Now before reviewing this, I remember seeing this movie way back on premium movie channel Encore Action and as of today, I questioned why it was shown there considering the movie isn’t much on action but more focused through the drama and hardships of World War II, or in this case, it’s an alternate version of a post-World War II where Germany has taken over Japan, instead of the United States.
After witnessing the suicide bombing of a terrorist girl, Constable Kazuki Fuse becomes haunted by her image, and is forced to undergo retraining for his position in the Capital Police's Special Unit. However, unknown to him, he becomes a key player in a dispute between Capital and Local Police forces, as he finds himself increasingly involved with the sister of the very girl he saw die.
Now I really don’t talk politics much in my reviews mainly because I’m not really much of an expert on that but the movie does have its political references from Japan’s own situation from the 1960s and 1970s where massive student protests for the ANPO Hantai movement and the interesting fact about it is that not only Mamoru Oshii, the writer of the movie, was involved in back in their hayday but so was Studio Ghibli regulars Isao Takahata (Grave of the Fireflies) and Hayao Miyazaki.
Part of the story in Jin-Roh also parallels toward Rotkäppchen (or Little Red Riding Hood / the real Grimm fairytale version) as the girl in the red hood in the beginning as like Red running from the wolves but from what I saw from the movie and saw from other reviews (either professional or amateur), the roles of the that can be switched, making it somewhat more unexpected than the usual story. As for the main character himself, Fuse is that character who may be a constable and associated with the army, but I think some people, especially those who went through what he did, can relate to the guy and the trauma that he is suffering from. On a small note, the movie’s pace can be slow for the majority of the film, so it would be better to watch when there is nothing on and the graphic violence may not be suitable for the squeamish, although it’s shown for the brutality of make a message and not just to show violence for the sake of it.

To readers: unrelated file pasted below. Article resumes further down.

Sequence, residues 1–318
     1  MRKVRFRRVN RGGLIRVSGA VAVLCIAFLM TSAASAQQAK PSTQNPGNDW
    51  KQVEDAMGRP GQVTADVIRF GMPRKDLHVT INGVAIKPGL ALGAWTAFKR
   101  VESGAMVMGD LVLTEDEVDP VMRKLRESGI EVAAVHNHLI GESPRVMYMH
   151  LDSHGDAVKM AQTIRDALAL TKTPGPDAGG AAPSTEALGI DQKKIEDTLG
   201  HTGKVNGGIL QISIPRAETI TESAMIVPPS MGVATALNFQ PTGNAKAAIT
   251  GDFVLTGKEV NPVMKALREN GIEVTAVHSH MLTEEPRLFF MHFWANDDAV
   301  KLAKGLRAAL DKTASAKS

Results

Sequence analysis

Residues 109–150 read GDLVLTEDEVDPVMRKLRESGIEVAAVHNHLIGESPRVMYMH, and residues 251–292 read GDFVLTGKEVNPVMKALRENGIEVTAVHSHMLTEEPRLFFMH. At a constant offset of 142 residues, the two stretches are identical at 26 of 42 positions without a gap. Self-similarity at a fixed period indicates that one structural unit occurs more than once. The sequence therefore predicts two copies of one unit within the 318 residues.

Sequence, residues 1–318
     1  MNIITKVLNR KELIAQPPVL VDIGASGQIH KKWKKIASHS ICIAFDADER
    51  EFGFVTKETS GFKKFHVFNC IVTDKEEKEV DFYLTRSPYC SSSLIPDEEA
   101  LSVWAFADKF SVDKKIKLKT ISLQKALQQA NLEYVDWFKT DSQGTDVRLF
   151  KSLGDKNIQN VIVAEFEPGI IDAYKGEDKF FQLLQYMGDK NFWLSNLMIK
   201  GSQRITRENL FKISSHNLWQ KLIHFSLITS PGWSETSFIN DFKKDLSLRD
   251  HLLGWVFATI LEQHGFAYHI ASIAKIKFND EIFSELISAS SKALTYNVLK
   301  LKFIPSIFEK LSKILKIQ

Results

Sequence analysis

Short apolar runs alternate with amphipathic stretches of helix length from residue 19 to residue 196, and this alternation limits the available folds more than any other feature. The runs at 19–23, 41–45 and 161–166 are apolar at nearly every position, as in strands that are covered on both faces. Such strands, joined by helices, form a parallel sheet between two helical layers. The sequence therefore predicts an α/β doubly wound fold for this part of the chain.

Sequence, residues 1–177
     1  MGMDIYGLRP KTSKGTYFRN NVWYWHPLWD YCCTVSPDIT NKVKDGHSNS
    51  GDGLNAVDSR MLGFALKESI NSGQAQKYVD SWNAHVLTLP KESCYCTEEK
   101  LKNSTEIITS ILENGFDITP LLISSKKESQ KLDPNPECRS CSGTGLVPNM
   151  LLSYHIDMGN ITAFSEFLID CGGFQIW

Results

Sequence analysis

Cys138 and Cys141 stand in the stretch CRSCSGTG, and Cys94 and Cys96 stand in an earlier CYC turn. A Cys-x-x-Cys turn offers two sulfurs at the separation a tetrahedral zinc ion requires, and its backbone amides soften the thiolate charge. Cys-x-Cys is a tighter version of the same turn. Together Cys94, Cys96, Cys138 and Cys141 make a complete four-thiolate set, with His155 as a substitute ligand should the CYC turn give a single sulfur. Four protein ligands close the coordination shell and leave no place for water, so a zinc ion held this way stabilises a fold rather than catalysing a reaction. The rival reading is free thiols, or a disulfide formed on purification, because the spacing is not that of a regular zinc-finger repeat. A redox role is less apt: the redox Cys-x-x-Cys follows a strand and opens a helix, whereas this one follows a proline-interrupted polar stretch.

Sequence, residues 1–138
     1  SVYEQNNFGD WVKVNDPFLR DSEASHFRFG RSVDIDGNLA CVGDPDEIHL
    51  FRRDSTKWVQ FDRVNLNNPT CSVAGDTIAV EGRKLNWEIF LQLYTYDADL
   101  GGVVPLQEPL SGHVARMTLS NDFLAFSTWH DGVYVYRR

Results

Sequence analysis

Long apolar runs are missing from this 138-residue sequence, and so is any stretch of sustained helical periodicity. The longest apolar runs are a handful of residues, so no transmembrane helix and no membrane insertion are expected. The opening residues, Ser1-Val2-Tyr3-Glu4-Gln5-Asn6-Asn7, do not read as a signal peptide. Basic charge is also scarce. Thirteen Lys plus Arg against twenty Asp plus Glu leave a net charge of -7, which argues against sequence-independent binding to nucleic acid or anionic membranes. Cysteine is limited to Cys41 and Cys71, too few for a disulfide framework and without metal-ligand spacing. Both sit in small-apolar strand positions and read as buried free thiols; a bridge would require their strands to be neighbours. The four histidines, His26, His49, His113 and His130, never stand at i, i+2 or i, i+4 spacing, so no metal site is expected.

As for the animation, it is done by the amazing Production I.G., and the animation is dark, broody with muted colors and yes, it is centered more of a realistic Japan rather than the same style that we’re used to. I’m not going to bitch about what style of whatever animation and character design most animators do and for what it’s worth, it did an outstanding job for that.
The music wasn’t that very noticeable as that wasn’t anything that captured any attention to my ears, but the score was decent. The English dub done by The Ocean Group via Bandai Entertainment was actually one of their more well-acted productions considering I didn’t have kind words for them last time (fucking Monster Rancher) but here, I can see why they get work for many anime worth watching.
FINAL VERDICT: Well, I will say that Jin-Roh is worth watching and it is, but sometimes for an hour and 40 minutes, it can feel like 3 hours at a time. The character development was handled extremely great and really dug in deep into knowing them and their emotion but after you watch it (or watch it for reviewing), it isn’t something you would watch again.
And so, Jin-Roh the Wolf Brigade gets an honest grade of Planet Tyro Rating: SOLID B - 8/10
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